Image credit: Chuck Carter and James Tuttle Keane / Keck Institute for Space Studies.

Schematic illustration of the sources, sinks, and transport processes controlling the chemical and isotopic species in/on/around Io.

Image credit: Chuck Carter and James Tuttle Keane / Keck Institute for Space Studies.

The Jupiter system provides exciting destinations for groundbreaking new science, enabled by a variety of different spacecraft architectures, instruments, observations, and experiments.

Image credit: Chuck Carter and James Tuttle Keane / Keck Institute for Space Studies.

Schematic illustration of the structure of Io’s interior, with arbitrary layer thicknesses, considering deep- (top) and shallow-mantle (bottom) end-member tidal dissipation scenarios within a solid interior (left panels) versus how dissipation processes would be affected by either a magma ocean, or globally extensive high-partial melt layer (i.e., a magmatic sponge; right panels).

Image credit: Chuck Carter and James Tuttle Keane / Keck Institute for Space Studies.

Schematic illustration of the principles behind electromagnetic sounding of Io’s interior. Io experiences a time-varying external magnetic field (A), which produces eddy currents in Io’s conductive layers (B), which drives an induced magnetic field (C). The observed magnetic field around Io is a combination of these processes (D). The magnitude of the induced magnetic field is a function of the physical and electromagnetic properties of Io’s interior (E–G).

Image credit: Chuck Carter and James Tuttle Keane / Keck Institute for Space Studies.

Schematic illustration of the possible physical configurations of melt within Io and other partially molten silicate worlds. The scale of each block is of-order one centimeter.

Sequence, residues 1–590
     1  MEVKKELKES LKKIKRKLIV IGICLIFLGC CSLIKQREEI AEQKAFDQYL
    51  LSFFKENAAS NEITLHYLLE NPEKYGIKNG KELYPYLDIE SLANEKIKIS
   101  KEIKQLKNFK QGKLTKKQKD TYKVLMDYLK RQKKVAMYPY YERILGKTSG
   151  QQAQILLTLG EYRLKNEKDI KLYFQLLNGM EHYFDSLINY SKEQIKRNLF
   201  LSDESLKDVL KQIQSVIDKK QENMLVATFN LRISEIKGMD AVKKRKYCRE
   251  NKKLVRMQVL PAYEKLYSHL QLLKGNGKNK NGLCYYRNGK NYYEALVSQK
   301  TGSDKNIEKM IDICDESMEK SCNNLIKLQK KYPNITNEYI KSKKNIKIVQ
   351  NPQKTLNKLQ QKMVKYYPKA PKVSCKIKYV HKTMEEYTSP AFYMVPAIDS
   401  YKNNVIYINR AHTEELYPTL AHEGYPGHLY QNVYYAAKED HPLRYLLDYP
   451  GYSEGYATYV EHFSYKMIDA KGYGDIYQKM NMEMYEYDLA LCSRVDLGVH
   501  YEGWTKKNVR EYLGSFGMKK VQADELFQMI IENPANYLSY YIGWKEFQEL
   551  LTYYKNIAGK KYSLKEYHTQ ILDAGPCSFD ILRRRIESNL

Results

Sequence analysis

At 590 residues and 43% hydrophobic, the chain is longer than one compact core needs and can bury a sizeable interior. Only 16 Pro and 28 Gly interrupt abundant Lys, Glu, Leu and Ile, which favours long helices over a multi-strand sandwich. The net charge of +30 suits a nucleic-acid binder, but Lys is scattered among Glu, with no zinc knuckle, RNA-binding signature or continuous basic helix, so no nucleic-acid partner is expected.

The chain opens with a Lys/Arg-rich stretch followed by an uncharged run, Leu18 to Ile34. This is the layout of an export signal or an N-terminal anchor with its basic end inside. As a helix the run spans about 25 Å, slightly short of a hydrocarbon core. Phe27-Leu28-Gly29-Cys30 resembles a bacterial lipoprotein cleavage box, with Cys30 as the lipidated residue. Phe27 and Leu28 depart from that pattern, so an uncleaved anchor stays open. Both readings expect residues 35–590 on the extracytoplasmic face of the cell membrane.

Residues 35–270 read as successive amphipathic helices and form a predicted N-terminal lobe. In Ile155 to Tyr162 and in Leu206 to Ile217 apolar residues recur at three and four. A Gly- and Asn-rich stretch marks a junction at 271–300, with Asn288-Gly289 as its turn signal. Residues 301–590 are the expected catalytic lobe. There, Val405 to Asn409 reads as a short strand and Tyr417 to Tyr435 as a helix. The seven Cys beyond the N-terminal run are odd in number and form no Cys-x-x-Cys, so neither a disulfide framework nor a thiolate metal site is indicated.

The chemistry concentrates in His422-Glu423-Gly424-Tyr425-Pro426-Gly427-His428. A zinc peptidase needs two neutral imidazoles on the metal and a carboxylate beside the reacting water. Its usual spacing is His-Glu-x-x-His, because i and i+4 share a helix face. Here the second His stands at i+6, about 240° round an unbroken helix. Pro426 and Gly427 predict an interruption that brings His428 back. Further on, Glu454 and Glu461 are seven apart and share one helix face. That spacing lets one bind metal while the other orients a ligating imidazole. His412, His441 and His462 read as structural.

Image credit: Chuck Carter and James Tuttle Keane / Keck Institute for Space Studies.

Schematic illustration of the solar system’s ocean worlds. All worlds are shown to scale with one another, although the size of the interior layers are only approximate.

Image credit: Chuck Carter and James Tuttle Keane / Keck Institute for Space Studies.

Cover artwork from the Tidal Heating – Lessons from Io and the Jovian System report. Io and the Jupiter system is a vibrant destination for exploration, and holds the keys to fundamental understanding of tidal heating across the cosmos. Artwork is color pencil on paper.

Image credit: James Tuttle Keane / Keck Institute for Space Studies.

Schematic of the Jovian and Saturnian systems. The top panels show the orbital architecture of the system, with the host planet and orbits to scale. Relevant mean-motion resonances are identified in red. The bottom panels show the satellites to scale with one another. We focus on the major satellites. Listed physical parameters include the diameter (d), bulk density (ρ), and rotational period (P)—which for all of the satellites is equal to their orbital period, as they are all tidally locked with their host planet.

Image credit: James Tuttle Keane / Keck Institute for Space Studies.

A schematic diagram of tidal deformation for a tidally-locked satellite orbiting a planet. Tides deform the satellite at all distances, although deformation is strongest when the satellite is closest to the planet (pericenter) and weakest when the satellite is furthest from the planet (apocenter). B–E, Schematic diagrams of how tides affect the orbit of a tidally-locked satellite (based on Burns and Matthews, 1986).

Image credit: James Tuttle Keane / Keck Institute for Space Studies.


Study Final Report:

de Kleer, et al. Tidal Heating: Lessons from Io and the Jovian System, Final Report for the Keck Institute for Space Studies, 2019. http://resolver.caltech.edu/CaltechAUTHORS:20190628-123013908